Doth tune the spheres, and make heaven's self look higher;
From this to that, from that to this, he flies,
Feels music's pulse in all her arteries ;
Caught in a net which there Apollo spreads,
His fingers struggle with the vocal threads,
Following those little rills, he sinks into
A sea of Helicon ; his hand does go
Those parts of sweetness which with nectar drop,
Softer than that which pants in Hebe's cup:
The humourous strings expound his learned touch
By various glosses ; now they seem to grutch
And murmur in a buzzing din, then gingle
In shrill-tongued accents, striving to be single ;
Every smooth turn, every delicious stroke,
Gives life to some new grace: thus doth he invoke
Sweetness by all her names; thus, bravely thus-
Fraught with a fury so harmonious
The lute's light Genius now does proudly rise,
Heaved on the surges of swoll'n rhapsodies,
Whose flourish, meteor-like, doth curl the air
With flash of high-born fancies ; here and there
Dancing in lofty measures, and anon
Creeps on the soft touch of a tender tone,
Whose trembling murmurs, melting in wild airs,
Run to and fro, complaining his sweet cares ;

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Because those precious mysteries that dwell
In music's ravish'd soul he dare not tell,
But whisper to the world: thus do they vary
Each string his note, as if they meant to carry
Their master's blest soul, snatch'd out at his ears
By a strong ecstasy, through all the spheres
Of music's heaven; and seat it there on high
In th' empyræum of pure harmony.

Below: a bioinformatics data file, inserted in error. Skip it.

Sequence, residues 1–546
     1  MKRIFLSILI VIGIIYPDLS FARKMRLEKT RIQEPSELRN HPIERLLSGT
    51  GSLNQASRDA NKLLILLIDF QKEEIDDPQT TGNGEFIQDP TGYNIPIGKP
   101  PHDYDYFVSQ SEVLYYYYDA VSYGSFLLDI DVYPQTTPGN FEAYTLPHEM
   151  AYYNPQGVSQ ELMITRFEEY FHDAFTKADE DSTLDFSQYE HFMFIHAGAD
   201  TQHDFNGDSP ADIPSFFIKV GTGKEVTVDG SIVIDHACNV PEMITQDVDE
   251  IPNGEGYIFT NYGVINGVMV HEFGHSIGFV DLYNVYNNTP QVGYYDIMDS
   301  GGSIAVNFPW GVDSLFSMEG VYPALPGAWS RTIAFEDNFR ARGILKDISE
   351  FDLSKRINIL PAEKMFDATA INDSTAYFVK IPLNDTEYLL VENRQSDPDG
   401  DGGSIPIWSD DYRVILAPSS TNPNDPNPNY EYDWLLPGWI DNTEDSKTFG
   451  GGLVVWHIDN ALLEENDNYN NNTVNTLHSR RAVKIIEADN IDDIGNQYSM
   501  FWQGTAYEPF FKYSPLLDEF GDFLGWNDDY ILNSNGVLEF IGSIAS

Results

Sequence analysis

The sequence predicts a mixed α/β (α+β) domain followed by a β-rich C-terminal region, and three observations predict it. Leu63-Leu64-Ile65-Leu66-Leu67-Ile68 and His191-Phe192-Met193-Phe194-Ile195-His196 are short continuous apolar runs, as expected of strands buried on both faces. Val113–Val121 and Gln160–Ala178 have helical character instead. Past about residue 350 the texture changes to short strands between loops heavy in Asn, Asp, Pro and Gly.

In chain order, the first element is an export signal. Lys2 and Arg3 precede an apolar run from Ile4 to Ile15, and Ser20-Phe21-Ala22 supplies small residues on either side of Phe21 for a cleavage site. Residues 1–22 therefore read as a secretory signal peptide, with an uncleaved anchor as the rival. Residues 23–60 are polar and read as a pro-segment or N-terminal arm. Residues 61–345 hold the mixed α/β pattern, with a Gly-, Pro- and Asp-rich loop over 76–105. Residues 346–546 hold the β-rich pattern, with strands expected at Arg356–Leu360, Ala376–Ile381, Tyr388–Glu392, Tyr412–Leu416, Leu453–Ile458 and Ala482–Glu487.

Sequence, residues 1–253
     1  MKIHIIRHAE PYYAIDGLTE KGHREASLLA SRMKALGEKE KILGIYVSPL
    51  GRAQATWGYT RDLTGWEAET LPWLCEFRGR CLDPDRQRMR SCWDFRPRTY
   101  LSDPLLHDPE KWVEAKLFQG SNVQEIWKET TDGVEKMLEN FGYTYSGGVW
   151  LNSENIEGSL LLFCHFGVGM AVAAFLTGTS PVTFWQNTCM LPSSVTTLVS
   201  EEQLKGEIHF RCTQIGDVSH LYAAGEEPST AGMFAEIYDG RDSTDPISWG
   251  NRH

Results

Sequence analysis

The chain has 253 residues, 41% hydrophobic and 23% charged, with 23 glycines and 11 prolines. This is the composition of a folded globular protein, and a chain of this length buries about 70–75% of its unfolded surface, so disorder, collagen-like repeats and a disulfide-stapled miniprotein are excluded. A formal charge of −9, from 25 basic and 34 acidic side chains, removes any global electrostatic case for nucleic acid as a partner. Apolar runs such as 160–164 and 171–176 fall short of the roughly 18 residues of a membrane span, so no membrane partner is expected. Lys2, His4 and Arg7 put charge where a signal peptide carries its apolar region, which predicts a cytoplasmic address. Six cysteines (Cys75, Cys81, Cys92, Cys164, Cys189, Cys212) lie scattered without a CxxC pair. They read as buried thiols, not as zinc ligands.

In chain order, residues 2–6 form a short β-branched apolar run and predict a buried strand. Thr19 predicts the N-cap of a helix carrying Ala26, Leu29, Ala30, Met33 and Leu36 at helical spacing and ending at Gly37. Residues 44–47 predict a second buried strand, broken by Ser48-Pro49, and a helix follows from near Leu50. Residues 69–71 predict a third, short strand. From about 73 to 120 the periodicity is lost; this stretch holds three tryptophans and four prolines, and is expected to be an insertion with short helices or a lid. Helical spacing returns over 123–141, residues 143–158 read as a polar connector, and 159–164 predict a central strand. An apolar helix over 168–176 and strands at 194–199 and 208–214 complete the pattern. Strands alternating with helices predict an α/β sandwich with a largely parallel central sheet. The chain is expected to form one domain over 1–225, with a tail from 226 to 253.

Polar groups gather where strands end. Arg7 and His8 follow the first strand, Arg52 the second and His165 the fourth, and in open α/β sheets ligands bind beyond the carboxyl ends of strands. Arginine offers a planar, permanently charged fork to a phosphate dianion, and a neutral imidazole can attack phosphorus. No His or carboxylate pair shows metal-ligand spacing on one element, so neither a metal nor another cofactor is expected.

At length-after so long, so loud a strife
Of all the strings, still breathing the best life
Of blest variety, attending on

His fingers' fairest revolution,

In many a sweet rise, many as sweet a fall—
A full-mouth'd diapason swallows all.

This done, he lists what she would say to this;
And she, although her breath's late exercise
Had dealt too roughly with her tender throat,
Yet summons all her sweet powers for a note.
Alas, in vain! for while, sweet soul, she tries
To measure all those wild diversities

Of chatt'ring strings, by the small size of one
Poor simple voice, raised in a natural tone,
She fails; and failing, grieves; and grieving, dies ;-
She dies, and leaves her life the victor's prize,
Falling upon his lute. O, fit to have-
That lived so sweetly-dead, so sweet a grave!

UPON THE DEATH OF A GENTLEMAN.

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AITHLESS and fond mortality,
Who will ever credit thee?

Fond and faithless thing ! that thus
In our best hopes beguilest us,
What a reckoning hast thou made
Of the hopes in him we laid !
For life by volumes lengthened,
A line or two to speak him dead.
For the laurel in his verse,
The sullen cypress o'er his hearse.
For a silver-crowned head,
A dirty pillow in death's bed.
For so dear, so deep a trust,
Sad requital, thus much dust!
Now though the blow that snatch'd him hence
Stopp'd the mouth of eloquence,
Though she be dumb e'er since his death,
Not used to speak but in his breath ;
Yet if, at least, she not denies
The sad language of our eyes,
We are contented ; for than this
Language none more fluent is.
Nothing speaks our grief so well,
As to speak nothing. Come, then, tell
Thy mind in tears, whoe'er thou be
That ow'st a name to misery ;